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Indie Eyes on “Comfort Women” in China - The Case of Independent Documentary Twenty Two

  • The Journal of Chinese Cultural Studies
  • 2018, (41), pp.353-374
  • DOI : 10.18212/cccs.2018..41.015
  • Publisher : The Society For Chinese Cultural Studies
  • Research Area : Humanities > Chinese Language and Literature > Chinese Literature > Chinese Culture
  • Received : July 16, 2018
  • Accepted : August 17, 2018
  • Published : August 30, 2018

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ABSTRACT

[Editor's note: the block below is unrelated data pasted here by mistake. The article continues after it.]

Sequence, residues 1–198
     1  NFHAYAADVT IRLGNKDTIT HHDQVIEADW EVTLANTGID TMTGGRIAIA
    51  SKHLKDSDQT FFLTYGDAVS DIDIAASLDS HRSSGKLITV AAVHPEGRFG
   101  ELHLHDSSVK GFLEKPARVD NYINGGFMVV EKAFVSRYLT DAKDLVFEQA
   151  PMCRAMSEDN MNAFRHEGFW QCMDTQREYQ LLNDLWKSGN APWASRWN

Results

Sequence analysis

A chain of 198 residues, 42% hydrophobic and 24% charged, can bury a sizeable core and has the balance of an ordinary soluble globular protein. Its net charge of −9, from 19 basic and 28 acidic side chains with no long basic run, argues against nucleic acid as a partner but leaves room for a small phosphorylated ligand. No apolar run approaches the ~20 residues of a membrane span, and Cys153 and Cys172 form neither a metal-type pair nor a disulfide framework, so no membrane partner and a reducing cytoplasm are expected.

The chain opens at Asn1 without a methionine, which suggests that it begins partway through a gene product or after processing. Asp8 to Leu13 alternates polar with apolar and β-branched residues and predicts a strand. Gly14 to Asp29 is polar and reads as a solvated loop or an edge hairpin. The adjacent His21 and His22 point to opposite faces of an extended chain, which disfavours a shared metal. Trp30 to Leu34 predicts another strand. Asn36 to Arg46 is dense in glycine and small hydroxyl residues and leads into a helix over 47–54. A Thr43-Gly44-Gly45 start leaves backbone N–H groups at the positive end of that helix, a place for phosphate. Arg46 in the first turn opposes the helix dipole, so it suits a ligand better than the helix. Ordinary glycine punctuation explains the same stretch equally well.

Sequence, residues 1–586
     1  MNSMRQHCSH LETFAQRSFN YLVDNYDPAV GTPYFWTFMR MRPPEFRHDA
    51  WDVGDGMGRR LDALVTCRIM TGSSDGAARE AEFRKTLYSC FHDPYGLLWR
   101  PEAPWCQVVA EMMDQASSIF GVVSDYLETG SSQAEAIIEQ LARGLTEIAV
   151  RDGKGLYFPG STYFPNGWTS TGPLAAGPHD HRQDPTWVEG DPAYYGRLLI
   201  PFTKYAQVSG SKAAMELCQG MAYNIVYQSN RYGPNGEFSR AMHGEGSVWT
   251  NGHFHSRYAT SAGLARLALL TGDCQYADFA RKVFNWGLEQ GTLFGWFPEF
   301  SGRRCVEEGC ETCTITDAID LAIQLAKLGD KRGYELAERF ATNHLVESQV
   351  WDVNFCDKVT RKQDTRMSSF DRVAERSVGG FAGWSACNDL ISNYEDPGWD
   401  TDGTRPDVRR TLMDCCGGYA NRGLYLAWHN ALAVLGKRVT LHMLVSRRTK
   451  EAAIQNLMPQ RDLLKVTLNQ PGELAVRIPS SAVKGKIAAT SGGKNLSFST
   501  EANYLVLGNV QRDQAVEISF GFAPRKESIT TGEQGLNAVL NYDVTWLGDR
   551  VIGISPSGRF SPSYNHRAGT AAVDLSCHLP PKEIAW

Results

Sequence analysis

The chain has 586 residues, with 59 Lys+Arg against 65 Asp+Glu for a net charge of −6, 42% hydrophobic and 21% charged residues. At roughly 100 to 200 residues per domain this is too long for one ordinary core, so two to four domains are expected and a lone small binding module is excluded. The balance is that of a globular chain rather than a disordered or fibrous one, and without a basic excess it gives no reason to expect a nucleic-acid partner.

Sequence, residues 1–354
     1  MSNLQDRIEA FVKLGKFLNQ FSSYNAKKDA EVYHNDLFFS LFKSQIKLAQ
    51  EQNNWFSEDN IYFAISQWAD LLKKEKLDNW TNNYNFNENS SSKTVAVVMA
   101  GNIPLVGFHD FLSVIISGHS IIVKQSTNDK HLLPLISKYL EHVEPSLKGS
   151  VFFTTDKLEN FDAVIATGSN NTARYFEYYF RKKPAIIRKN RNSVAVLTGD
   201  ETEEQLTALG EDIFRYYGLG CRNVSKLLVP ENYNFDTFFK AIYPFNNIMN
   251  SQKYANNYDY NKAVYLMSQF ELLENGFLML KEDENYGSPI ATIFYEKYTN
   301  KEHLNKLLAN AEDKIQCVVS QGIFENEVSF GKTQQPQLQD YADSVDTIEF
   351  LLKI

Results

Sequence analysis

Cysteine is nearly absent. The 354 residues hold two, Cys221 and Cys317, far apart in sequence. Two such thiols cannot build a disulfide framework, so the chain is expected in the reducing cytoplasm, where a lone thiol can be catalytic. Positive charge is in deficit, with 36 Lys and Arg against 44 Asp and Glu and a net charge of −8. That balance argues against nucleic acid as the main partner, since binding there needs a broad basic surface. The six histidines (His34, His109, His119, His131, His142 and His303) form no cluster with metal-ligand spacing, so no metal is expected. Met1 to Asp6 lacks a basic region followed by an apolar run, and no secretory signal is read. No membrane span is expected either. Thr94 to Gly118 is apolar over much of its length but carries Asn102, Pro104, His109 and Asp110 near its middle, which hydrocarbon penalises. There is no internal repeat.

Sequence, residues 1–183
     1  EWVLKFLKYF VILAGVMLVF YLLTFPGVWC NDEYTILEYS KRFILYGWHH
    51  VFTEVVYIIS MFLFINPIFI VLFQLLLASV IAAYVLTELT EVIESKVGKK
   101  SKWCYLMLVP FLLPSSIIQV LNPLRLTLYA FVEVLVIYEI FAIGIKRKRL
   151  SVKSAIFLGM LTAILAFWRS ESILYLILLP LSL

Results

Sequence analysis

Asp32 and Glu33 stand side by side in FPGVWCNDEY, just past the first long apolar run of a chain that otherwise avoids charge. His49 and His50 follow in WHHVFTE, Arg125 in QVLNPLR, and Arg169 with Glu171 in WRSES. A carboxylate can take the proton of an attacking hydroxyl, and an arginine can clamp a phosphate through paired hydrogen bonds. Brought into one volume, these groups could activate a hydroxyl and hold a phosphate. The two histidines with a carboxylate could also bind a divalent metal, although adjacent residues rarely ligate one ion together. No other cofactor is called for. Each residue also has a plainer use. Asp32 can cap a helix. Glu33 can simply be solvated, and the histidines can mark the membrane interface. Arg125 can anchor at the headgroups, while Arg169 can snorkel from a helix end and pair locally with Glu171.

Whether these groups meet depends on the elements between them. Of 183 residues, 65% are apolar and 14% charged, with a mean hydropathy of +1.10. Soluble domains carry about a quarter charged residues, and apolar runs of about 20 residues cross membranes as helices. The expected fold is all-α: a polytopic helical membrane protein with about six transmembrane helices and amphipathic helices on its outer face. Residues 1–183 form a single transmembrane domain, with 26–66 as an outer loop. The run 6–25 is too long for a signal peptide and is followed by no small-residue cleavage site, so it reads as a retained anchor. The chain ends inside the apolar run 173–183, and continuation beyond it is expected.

Independent documentary Twenty Two(2015) is about the current situation of survived comfort women in China. This is the first documentary on “comfort women” issue that has ever been screened publicly in China. It not only provides a new channel through which the Chinese audience can know “comfort women” issue more objectively and throughly, but also sets a new landmark for Chinese oral historical documentaries. The words “comfort women” incorporate specific “political connotation” as well as “gender sensitivity”. However, media representation and social discourse are inclined to stereotyping them as “symbols of ethnical oppression” or “victims of sexual violence”, ignoring the “individual subjectivity” of each of them. Besides, although oral historical documentaries exert considerable influence in the West as well as in Third World Countries, they’ve been staying out of the major Chinese audience perspective for quite a long time. In view of these two aspects, Twenty Two collects the oral histories provided by comfort women survivors, questions mainstream discourse on comfort women issue, and makes more people realized that oral historical documentaries excel in reserving the truth of the past. Following the analysis of some interview scripts extracted from Twenty Two, this research points out that certain patriarchal contextual factors that rooted in domestic society are reflected in the interviews. These factors not only make women more vulnerable to sexual violence, but also make it difficult for them to return to the position of normal women after the injury. When Twenty Two is reconstructing the individual subjectivities of “comfort women”, it encourages the audience to cast reflexive perspective on “comfort women” discourse that has long located in the frame of nationalism. Such way of challenging the mainstream ideology is moderate but powerful. While demonstrating such viewpoint, this paper attempts to argue a previous study’s conclusion that asserted that “there’s no real independent cinema in China that challenges the mainstream”.

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